New coaches, a new stadium and two new teams. The Serie A season kicks off this weekend but with the same old question top of the agenda: Can anyone catch Juventus? The four-time champion also won the Coppa Italia—the first double in its history—and reached the Champions League final last season. Motivation won’t be a problem, as the challenge now is to prove it can do it without the heart of the team: Andrea Pirlo, is now at New York City FC, Arturo Vidal, sold to Bayern Munich and Carlos Tevez, with 29 goals last season, moved back to Boca Juniors.
The one player everyone expected to leave, Paul Pogba, has remained and taken the storied No. 10 shirt, whose previous owners include Michel Platini, Roberto Baggio, Alessandro del Piero and Tevez. Pogba has played in the No. 10 position in pre-season, just behind a new-look front two of Mario Mandzukic and Paolo Dybala – but Juventus is still linked to Isco, Mario Goetze and Christian Eriksen, so Pogba may yet drop back to join Claudio Marchisio and Roberto Pereyra or Sami Khedira (on a free transfer but already injured) in a three-man midfield. Alex Sandro, a dynamic fullback with a habit of stunning goals, adds to the danger on the left flank.
Coach Max Allegri proved everyone wrong when his surprise appointment late last summer ended in success. He has vowed that means nothing now and wants to create more history by completing five in a row. It's only happened twice before, with Juventus (1931-35) and Inter Milan (2006-2010, though disputed as this was after the Calciopoli scandal which saw Juventus stripped of one Scudetto).
For all the changes, Juventus remains the overwhelming favorite to win again. Its closest challenger last season was Roma, who finished 17 points back and faded badly in the second half of the season. It only clinched second spot with a Matchday 37 win over Lazio, which came third.
This is a make-or-break campaign for coach Rudi Garcia, who has signed Edin Dzeko and Mohamed Salah to boost his goal options. Long-term injury absentees Leandro Castan and Kevin Strootman should return soon (though Strootman might be delayed until October after a recent setback).
Napoli is expected to improve under new coach Maurizio Sarri, a former bank manager who impressed last season, his first in the top-flight, keeping newly promoted Empoli safe. Napoli has a good record after appointing low-profile bosses—both Ottavio Bianchi (1987) and Alberto Bigon (1990) won Serie A coming from smaller side. Sarri has already impressed owner Aurelio de Laurentiis with his work ethic and trust in his own coaching skills. “The defense will be reinforced with work on the pitch, I don’t accept the idea that you need to do it by signing players,” said Sarri. “To rely on the market is to disavow hard work.”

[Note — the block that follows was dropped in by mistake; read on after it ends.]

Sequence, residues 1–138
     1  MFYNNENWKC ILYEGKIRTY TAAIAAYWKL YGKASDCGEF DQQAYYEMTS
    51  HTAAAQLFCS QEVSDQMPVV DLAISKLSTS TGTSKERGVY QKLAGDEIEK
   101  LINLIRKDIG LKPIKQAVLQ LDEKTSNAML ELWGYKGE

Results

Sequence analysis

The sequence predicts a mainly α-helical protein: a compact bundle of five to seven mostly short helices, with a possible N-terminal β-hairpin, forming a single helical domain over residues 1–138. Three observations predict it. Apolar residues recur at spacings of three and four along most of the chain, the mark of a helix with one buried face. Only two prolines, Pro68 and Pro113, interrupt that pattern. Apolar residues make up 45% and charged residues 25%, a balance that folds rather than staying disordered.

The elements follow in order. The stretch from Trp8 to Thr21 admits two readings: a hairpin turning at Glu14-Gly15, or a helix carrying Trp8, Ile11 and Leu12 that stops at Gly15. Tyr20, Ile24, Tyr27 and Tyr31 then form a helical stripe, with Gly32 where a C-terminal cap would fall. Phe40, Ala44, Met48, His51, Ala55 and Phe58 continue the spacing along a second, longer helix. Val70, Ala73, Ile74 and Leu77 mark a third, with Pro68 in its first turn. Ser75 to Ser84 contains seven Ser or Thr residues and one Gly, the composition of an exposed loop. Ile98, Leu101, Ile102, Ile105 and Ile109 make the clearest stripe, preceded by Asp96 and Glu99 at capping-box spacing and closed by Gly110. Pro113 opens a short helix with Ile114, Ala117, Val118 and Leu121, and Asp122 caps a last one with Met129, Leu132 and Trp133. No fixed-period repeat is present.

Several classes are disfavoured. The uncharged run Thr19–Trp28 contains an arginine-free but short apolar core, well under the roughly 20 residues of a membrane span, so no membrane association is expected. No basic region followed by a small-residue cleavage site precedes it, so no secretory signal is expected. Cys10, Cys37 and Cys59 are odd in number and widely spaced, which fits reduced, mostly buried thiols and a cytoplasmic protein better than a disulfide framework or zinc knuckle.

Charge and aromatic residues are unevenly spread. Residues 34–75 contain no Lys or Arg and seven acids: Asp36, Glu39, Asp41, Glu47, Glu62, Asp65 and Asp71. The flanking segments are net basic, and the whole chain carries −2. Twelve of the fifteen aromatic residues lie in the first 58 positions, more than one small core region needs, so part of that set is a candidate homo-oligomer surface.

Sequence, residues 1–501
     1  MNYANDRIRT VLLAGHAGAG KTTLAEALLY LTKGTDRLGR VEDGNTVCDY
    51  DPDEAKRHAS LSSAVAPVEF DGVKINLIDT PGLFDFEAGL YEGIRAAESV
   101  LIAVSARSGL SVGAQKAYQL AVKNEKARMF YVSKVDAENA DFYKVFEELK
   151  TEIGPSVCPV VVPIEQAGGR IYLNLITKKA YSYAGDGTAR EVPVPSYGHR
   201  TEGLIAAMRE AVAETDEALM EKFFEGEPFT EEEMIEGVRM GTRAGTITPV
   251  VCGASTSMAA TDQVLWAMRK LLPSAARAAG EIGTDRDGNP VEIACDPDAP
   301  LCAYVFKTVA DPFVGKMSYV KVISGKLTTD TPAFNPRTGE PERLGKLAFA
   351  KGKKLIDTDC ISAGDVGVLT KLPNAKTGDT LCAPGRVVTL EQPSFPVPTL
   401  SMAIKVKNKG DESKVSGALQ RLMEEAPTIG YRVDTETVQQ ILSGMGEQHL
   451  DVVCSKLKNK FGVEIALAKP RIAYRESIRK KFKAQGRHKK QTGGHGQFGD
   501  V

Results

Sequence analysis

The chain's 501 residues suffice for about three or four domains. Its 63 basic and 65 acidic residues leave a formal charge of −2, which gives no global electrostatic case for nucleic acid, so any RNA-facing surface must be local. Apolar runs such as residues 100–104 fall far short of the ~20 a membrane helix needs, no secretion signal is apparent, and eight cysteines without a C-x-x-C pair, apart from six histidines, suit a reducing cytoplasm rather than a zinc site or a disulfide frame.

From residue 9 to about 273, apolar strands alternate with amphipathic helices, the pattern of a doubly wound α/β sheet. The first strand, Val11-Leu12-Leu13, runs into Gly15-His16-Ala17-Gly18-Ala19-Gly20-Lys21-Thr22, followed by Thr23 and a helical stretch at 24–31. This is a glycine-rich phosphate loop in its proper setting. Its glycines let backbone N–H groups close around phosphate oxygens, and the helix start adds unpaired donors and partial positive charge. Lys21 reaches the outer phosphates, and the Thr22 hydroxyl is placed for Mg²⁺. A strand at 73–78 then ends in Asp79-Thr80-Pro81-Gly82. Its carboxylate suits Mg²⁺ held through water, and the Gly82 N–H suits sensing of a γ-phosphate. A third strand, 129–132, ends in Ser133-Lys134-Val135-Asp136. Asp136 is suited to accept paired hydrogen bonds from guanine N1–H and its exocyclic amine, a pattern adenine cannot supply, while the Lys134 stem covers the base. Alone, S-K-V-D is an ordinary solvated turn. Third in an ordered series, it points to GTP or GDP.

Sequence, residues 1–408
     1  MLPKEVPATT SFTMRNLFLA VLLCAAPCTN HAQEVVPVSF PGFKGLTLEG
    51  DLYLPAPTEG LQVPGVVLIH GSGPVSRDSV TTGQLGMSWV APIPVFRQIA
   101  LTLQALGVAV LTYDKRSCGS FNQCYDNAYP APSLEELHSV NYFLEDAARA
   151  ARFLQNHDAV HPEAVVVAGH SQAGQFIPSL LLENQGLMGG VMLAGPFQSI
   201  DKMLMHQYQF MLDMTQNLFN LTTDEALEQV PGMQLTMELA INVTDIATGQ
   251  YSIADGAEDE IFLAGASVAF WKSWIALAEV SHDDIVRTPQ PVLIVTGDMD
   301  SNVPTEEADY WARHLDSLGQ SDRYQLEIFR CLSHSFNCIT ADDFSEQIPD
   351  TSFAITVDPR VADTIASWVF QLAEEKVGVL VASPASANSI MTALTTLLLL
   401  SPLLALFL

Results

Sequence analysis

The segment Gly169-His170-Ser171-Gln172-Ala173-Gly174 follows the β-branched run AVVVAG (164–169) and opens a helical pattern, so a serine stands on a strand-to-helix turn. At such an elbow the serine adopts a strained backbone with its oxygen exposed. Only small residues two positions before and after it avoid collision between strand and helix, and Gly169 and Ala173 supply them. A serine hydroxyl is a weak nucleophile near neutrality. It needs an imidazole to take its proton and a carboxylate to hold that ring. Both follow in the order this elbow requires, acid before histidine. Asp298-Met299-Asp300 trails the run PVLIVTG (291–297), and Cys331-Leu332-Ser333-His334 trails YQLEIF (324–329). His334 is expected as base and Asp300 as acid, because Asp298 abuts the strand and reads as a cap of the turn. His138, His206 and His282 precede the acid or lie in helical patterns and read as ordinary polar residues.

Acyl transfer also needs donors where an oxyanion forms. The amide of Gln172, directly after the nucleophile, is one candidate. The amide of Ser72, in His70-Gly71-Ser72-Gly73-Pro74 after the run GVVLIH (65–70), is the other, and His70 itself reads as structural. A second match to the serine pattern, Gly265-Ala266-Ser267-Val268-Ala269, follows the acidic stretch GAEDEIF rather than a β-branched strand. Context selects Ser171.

That’s not quite the strategy in Milan, where both clubs have brought out the checkbook in their quest to return to the top table. In fact, there has not been such spending in Italy since 2001. Juventus, Roma and the Milan clubs have spent over €320 million combined.
Milan now has Sinisa Mihajlovic, former Inter player, in charge. He has drilled the side sharply in pre-season and spent €25 million on young centerback Alessio Romagnoli, claiming he’s the new Alessandro Nesta. Encouraging by big spending at Inter, Milan has also splashed out on strikers Carlos Bacca and Luiz Adriano.
Across town, Inter coach Roberto Mancini needs to build a title challenge after spending big on Stevan Jovetic, Miranda and Geoffrey Kondogbia, a player Milan also wanted. It also sold Mateo Kovacic to Real Madrid, amid fears that he would be the latest player Inter sold who went on to be successful elsewhere: like Roberto Carlos at Real Madrid and Andrea Pirlo at AC Milan. “Andrea left because the club did not have the patience to wait for him to mature, and then he became the player everyone knew he would,” said former Inter hero Luis Suarez. “Kovacic has the quality to become the new Pirlo. And don’t tell me he struggles in the defensive phase because at the same age Pirlo defended badly, but then improved in that aspect of his game.” Which team finishes higher in Milan will provide a compelling sub-plot to the season.
This also marks the first Serie A appearances for Capri and Frosinone, the first time since 1964 that two top-flight debutants have made it at the same time.
The Italian football federation has implemented an 8-in-25 rule which states that of each 25-man squad, a minimum of four players must have been trained by the club, and another four in Italy. After the emergence in recent seasons of young talent like Daniele Rugani (Juventus) and Domenico Berardi (Sassuolo), there are hopes that more young talent will get its chance this season. Look out for Federico Bernardeschi (Fiorentina), Andrea Belotti (Torino) and Rodrigo Ely (Milan).
At the other end of the scale is Francesco Totti, who scored one and set up two goals in a recent friendly against Valencia. He is about to enter his 24th season at Roma. Antonio Cassano is back at Sampdoria, on a reduced salary and a clause allowing the club to take action in case he repeats any “Cassanate,” the acts of self-destruction that have peppered his career. Last year’s joint-top scorer, with 22 goals, is Luca Toni, 38, who will form part of the oldest strike-force in Italy alongside Giampaolo Pazzini, 31, at Verona. Only the hardest of hearts won’t want to see the old boys show they can they still do it.